Dvar Torah - Behar-Bechukotai
"What does Shemitah have to do with Mt Sinai?" - Rashi This week's parsha starts with the statement that the Jews were at Mt Sinai before beginning to tell us about the rules of Shemitah, the sabbatical year. Famously, Rashi immediately asks why the Torah must specify that these laws come from Mt Sinai. Why is it necessary to emphasise that point? He answers that this is to show that all the Torah, even the smallest of regulations, was given to Moshe on the mountain in those forty days. However, this begs a more fundamental question: What do obscure issues of land use and regulation on the sale of lands have to do with the Torah at all? Why would the Torah care about how long we sell our land for? And why should it matter if we plough the ground in a given year?
Rav Kook explains that the Sabbatical year for the land is similar to the day of rest for people. We make our time holy by sanctifying one day a week as a day of rest with a host of activities enjoined. We do not affect just that day. It profoundly impacts the entire week because setting aside some time helps stamp the whole week as being aimed toward that period of unique divine connection. This is the true meaning of the Midrashic statement: Sarah's shabbat candles would stay lit from one Friday night to the next.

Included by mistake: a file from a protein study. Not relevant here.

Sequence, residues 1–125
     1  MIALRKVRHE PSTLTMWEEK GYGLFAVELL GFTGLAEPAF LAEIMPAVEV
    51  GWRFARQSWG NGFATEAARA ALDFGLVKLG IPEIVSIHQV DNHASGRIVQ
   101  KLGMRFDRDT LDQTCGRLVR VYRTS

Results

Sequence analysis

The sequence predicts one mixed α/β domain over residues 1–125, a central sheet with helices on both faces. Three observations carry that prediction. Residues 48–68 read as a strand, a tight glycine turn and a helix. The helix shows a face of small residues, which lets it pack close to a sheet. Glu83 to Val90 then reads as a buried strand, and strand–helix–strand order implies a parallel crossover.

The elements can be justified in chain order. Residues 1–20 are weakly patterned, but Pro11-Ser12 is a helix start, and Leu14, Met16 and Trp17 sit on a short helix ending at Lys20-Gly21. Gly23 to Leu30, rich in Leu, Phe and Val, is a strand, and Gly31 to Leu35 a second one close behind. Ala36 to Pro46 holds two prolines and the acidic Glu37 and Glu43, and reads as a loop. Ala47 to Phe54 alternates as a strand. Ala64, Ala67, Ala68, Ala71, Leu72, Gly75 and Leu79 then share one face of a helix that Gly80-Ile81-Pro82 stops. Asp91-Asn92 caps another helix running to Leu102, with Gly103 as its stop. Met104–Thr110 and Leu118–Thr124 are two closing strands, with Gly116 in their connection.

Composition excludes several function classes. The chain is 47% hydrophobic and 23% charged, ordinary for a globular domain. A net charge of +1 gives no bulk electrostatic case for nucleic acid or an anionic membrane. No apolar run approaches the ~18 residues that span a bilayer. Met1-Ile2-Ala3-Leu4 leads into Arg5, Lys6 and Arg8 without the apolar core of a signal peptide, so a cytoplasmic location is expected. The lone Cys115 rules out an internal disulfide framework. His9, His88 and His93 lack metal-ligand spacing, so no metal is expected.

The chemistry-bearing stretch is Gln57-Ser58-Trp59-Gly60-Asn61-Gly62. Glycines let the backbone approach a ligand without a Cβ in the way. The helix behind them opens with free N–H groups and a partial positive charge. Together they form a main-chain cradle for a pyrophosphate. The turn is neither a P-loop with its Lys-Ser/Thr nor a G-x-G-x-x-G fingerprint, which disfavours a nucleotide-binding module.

According to Rav Kook, the Sabbatical year serves a similar purpose. By designating one year in seven that we either do not work the land at all or do so far less, we create the holiness in the land that spills into everything else that happens there. We generate the holiness of the land of Israel by treating the land as being restricted by the divine hand which first gifted it to us.
The other places of significance in our lives operate similarly. We have the power to define our spaces for ourselves. Are they places of happiness, growth and holiness? The Torah tells us that turning them into that must be our goal.